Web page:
although I hope and assume everyone encrypts their private key

Also in my experience this is far from being the case.

@phra

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phra commented Nov 30, 2017

@gibfahn thanks for one liner, i will put it as an alias in my shell!

although I hope and assume everyone encrypts their private key

actually i hope that people also encrypt HDDs and SSDs, at least the ones with a privileged access to nodejs repository because in theory if you don't encrypt your HDD i can physically remove it, backdoor it, put it back again and just wait for you to write the password on the keyboard, after having copied the encrypted key, of course!

FYI GitHub enabled GPG signatures for actions taken on the website (like a PR merge) that involves GPG signed commits, so basically every commit that is signed locally will be re-signed by GitHub if required.

screenshot from 2017-11-30 17-57-04

in their reply, they said:

We've considered some of your proposed solutions in the past, and we may make commit attribution more refined in the future, but don't have anything to announce now.

so probably they were thinking about this feature that was not ready at that time yet.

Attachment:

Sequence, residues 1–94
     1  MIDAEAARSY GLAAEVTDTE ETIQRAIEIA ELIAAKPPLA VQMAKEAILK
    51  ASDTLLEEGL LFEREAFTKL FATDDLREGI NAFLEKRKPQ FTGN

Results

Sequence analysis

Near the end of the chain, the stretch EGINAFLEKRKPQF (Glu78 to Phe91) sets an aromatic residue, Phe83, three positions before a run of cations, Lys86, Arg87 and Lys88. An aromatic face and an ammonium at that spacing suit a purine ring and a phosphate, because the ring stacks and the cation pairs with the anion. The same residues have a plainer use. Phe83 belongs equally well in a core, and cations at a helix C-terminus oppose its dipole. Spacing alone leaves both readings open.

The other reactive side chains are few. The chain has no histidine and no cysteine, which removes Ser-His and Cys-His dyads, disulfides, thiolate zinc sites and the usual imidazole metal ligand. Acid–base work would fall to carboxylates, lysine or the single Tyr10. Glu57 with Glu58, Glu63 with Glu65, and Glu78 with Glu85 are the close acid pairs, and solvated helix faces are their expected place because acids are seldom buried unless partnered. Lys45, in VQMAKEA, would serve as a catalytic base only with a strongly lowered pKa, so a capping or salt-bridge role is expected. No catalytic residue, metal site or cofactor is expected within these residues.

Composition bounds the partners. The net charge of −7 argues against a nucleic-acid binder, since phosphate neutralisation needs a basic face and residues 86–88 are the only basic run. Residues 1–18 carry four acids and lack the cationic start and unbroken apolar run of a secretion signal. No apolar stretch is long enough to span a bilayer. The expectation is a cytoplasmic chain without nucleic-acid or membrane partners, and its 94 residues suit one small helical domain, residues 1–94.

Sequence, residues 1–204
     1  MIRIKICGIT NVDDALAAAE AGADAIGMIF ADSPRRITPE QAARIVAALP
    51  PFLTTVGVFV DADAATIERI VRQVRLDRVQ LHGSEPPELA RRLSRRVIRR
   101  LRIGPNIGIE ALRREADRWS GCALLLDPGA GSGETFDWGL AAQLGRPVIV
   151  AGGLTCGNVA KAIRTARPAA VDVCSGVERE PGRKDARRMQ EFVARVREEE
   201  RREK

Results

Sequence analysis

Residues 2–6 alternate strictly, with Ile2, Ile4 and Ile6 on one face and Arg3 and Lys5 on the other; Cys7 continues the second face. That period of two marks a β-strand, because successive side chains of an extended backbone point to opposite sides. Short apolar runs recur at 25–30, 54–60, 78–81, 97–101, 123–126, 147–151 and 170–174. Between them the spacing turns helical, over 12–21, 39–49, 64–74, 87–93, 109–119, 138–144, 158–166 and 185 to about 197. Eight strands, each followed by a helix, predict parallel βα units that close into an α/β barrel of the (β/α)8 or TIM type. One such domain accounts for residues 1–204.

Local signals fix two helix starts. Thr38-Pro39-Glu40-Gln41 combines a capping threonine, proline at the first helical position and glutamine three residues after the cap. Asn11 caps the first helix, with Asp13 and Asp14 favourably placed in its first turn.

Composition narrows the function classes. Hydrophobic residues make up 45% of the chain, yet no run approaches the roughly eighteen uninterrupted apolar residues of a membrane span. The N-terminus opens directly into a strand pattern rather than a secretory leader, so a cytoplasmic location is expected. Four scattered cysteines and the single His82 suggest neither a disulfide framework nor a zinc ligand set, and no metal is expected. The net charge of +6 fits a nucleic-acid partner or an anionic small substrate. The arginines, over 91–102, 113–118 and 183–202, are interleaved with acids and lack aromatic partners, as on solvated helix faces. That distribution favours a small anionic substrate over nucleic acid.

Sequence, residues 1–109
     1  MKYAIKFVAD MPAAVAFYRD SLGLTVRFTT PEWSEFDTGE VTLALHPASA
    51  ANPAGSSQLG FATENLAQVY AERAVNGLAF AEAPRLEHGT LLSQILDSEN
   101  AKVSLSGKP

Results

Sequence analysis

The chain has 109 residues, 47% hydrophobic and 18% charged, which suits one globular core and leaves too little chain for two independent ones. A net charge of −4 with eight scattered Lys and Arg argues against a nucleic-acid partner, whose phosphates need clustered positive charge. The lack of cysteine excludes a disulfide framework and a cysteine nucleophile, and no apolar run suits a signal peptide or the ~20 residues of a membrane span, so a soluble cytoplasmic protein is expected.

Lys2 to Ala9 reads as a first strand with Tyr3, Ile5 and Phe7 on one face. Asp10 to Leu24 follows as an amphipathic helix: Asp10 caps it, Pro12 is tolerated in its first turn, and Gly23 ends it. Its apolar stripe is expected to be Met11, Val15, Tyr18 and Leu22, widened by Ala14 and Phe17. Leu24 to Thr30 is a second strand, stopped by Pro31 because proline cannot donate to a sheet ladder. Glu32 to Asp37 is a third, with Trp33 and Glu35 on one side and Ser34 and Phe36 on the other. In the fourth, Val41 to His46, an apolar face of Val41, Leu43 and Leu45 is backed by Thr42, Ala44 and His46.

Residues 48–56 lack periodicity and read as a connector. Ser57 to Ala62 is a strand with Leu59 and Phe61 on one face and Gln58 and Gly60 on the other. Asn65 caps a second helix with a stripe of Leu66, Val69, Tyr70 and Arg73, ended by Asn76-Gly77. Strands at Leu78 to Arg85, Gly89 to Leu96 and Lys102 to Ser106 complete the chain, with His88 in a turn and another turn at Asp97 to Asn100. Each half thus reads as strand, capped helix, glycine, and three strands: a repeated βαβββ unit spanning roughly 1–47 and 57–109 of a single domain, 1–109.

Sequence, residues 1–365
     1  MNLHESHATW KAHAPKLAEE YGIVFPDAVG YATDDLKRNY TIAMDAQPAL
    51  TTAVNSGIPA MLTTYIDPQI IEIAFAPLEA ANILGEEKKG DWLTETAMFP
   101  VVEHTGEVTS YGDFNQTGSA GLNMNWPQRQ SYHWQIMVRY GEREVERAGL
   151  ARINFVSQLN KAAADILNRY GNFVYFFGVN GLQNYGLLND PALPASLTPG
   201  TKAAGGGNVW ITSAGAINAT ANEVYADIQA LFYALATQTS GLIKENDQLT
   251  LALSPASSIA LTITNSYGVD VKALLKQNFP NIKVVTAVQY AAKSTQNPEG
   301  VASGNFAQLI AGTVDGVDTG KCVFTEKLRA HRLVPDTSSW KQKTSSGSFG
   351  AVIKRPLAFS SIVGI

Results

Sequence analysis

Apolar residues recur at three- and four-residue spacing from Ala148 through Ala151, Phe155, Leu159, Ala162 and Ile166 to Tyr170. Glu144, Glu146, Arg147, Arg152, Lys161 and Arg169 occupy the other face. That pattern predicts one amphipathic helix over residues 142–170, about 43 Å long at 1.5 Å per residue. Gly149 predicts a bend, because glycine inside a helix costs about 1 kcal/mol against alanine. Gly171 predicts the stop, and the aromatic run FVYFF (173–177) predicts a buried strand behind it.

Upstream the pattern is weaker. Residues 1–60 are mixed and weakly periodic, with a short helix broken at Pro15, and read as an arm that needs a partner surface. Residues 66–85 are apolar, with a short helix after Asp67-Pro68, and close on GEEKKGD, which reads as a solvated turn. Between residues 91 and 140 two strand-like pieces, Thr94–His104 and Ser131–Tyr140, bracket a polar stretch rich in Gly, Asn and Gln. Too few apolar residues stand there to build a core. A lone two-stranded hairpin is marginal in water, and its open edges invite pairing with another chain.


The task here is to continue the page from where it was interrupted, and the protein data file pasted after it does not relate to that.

this means that if people will enable GPG locally, it's possibile to have the entire git history GPG signed for additional protection against tampering.

just my 2 cents 💸

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gibfahn commented Nov 30, 2017

this means that if people will enable GPG locally, it's possibile to have the entire git history GPG signed for additional protection against tampering.

We don't use the Github merging features at all, so that wouldn't be a problem anyway.

@mhdawson

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mhdawson commented Nov 30, 2017

I end up using a number of different machines including some shared ones. I worry that gpg signing will either limit where I can commit from (making me less efficient) or I'm going to have more work moving keys around. Is this unjustified ?

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gibfahn commented Nov 30, 2017

@mhdawson signing is done at commit time, and as all commits are rebased on master, you'd only have to have gpg keys on the machine you use to land commits.

Moving gpg keys is about as painful as moving ssh keys in my experience, so not hugely painful. But this is the question, is it's going to make people's workflows harder then that's a reason not to do it.

If we have an commit landing queue, then that avoids the question entirely.